Tian’anmen Tower, also known as the Gate of Heavenly Peace, faces the square from the northern side of the main road (Chang’an Jie) and has a spectacular view of the square and the Soviet-style “wedding cake buildings” that surround it. It was from this iconic vantage point that Mao historically proclaimed the People’s Republic of China on 1 October, 1949. Jumping further back in history, the majestic gatehouse was used to promulgate the coronation of a new emperor during its dynastic days. Only imperial family members or aristocrats were allowed to enter the tower until 1912, when the Qing Dynasty came to an abrupt end in the face of revolutionary zeal. Massive military parades are still viewed from this tower by China’s modern political elite.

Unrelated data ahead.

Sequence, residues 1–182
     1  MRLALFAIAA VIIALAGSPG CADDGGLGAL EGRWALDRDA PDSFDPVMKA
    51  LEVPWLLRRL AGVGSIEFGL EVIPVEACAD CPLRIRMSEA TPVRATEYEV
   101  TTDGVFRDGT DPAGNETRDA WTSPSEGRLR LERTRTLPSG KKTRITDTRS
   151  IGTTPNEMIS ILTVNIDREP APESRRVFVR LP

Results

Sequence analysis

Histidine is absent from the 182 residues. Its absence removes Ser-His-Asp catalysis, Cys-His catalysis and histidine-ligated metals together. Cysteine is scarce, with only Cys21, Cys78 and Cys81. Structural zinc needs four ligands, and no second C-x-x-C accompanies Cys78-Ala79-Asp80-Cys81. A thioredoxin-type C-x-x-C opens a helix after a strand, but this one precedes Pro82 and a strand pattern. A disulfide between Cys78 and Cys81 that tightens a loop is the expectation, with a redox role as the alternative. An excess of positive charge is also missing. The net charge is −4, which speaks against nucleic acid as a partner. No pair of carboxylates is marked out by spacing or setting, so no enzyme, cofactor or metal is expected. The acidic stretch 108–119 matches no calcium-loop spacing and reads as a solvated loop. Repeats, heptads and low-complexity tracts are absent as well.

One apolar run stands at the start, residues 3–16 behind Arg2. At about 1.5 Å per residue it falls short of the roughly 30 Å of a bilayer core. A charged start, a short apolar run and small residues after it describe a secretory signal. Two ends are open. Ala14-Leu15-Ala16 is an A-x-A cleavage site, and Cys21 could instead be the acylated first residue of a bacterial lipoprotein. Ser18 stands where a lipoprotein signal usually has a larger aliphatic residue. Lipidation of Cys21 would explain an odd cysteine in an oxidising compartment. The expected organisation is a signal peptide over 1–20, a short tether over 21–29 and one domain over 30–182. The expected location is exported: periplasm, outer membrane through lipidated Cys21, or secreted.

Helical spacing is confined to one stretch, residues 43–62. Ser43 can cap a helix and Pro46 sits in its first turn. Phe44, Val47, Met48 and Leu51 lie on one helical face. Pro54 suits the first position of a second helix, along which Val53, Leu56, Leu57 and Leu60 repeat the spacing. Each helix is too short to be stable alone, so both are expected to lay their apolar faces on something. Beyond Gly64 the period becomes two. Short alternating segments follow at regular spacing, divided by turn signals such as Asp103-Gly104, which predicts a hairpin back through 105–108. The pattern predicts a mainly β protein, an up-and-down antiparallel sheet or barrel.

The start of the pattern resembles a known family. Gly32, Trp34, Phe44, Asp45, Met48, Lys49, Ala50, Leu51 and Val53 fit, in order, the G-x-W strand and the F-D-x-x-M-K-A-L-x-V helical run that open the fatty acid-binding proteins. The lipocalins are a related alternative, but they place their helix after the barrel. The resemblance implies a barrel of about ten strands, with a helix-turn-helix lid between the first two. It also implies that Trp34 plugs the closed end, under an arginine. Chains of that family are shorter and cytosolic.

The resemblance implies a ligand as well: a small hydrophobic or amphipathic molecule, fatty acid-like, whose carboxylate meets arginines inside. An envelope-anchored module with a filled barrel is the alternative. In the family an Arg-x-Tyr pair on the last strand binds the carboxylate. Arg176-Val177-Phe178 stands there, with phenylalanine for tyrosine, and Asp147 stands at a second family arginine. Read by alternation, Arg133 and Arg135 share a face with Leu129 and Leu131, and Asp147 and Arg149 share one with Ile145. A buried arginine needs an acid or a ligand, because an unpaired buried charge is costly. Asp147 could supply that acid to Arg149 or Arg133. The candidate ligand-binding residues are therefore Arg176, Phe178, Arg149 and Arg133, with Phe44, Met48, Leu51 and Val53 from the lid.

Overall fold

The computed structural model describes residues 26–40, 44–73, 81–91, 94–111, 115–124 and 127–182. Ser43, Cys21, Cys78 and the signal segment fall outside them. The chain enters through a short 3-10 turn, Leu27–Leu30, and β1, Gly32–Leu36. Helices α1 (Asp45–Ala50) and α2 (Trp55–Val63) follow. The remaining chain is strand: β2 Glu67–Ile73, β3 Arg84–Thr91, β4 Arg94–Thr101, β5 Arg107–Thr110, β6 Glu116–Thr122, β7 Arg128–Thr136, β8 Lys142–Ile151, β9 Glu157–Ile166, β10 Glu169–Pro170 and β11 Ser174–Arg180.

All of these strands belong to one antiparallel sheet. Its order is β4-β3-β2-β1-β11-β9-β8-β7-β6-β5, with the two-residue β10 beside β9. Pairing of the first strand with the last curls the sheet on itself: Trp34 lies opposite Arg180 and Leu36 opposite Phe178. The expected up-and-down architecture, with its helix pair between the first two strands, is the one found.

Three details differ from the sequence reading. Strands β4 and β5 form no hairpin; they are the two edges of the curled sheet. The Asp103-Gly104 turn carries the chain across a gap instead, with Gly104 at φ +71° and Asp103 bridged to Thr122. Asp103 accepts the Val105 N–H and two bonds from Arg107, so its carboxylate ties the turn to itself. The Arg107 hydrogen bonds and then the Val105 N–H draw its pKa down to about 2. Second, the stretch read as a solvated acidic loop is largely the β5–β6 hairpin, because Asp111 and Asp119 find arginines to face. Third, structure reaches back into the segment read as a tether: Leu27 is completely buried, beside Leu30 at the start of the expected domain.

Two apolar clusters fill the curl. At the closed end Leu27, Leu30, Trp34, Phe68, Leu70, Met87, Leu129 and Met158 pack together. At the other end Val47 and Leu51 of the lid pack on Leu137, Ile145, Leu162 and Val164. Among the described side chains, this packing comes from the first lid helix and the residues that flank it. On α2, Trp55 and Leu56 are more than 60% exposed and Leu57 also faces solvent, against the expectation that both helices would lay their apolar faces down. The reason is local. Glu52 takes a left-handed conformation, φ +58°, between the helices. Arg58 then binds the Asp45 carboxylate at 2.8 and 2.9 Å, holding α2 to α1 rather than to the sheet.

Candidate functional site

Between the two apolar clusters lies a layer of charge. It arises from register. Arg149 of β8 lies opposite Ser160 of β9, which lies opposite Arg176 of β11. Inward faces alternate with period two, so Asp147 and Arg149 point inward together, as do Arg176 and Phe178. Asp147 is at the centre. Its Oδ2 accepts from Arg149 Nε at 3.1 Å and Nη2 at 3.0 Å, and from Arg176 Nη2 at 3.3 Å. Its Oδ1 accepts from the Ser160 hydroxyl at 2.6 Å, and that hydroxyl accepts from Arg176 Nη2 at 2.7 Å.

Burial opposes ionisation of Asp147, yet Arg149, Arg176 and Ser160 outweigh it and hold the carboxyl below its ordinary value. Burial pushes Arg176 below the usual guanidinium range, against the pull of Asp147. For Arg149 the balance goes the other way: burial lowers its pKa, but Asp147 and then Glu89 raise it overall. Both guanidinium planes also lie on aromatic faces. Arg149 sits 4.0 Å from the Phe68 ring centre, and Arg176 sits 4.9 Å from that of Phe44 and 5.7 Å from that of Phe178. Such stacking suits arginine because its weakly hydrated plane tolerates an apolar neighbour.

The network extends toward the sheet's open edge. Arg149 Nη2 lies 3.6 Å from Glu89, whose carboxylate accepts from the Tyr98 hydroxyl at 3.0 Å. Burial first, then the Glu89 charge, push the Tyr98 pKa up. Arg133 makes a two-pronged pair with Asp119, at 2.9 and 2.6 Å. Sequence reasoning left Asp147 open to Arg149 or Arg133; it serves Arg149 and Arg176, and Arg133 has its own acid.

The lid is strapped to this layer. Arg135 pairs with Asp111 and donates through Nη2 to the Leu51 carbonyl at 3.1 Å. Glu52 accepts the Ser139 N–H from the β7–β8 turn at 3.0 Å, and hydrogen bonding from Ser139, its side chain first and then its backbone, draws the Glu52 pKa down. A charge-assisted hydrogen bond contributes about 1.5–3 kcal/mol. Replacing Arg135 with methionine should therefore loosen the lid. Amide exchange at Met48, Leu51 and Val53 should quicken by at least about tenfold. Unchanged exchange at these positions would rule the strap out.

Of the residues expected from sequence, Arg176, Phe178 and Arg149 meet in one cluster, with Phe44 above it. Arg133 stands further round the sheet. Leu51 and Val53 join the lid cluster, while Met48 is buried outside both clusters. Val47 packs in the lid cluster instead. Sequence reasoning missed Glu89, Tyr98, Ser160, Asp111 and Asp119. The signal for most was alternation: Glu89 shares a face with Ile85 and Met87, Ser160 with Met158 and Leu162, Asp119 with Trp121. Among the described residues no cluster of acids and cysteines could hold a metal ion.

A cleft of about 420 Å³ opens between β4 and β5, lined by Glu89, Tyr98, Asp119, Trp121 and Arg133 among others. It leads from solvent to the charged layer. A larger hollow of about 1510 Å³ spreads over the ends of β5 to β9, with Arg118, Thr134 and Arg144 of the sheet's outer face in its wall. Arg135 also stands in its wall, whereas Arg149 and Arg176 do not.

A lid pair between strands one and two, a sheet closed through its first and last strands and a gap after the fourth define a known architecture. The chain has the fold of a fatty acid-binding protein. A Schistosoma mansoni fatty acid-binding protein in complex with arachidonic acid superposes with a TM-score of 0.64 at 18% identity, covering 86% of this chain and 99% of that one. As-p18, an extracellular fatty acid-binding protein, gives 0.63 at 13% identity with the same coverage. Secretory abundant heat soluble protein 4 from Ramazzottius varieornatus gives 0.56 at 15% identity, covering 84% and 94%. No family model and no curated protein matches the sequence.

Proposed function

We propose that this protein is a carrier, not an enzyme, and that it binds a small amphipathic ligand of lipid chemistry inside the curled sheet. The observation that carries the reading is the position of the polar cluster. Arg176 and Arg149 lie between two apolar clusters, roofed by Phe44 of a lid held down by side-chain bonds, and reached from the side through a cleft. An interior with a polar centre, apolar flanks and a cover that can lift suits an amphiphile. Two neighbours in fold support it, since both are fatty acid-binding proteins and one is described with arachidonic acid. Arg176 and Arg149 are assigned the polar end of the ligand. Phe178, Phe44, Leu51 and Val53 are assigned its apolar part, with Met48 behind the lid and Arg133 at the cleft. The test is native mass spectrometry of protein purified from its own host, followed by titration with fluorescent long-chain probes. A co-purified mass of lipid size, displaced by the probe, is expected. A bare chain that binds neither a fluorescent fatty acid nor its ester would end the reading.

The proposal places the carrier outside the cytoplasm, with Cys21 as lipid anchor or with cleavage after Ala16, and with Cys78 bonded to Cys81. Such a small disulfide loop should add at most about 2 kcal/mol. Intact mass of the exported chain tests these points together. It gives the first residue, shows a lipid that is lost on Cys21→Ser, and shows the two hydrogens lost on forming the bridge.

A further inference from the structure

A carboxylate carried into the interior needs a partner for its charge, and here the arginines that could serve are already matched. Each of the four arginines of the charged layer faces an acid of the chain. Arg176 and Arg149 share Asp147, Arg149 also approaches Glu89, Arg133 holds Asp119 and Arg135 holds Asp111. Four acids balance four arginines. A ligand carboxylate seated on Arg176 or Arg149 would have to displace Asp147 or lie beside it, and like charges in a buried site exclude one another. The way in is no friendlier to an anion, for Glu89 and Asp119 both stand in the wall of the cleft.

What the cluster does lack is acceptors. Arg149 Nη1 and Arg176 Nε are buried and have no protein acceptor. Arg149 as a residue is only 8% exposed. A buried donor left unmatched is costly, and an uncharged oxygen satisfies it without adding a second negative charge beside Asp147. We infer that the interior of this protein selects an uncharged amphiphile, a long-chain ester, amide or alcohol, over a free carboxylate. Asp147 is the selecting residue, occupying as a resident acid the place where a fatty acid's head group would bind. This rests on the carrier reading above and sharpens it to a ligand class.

The beautifully imposing tower hangs a 1.5-ton portrait of Mao just below his historical standing-point of the October 1st declaration, which is sandwiched by two giant placards. The left one reads “Long Live the People’s Republic of China” (Zhōnghuá Rénmín Gònghéguó Wànsuì 中华人民共和国万岁), while the right one reads “Long Live the Great Unity of the World’s Peoples” (Shìjiè Rénmín Dàtuánjié Wànsuì 世界人民大团结万岁). Head up the tower to view the 60 giant wooden beams, the intricate paintwork and a photographic history inside.
Free to pass under in transit to the Forbidden City, the tower will set you back ¥15 to climb up for a view. Tickets can be purchased on the north side of the tower.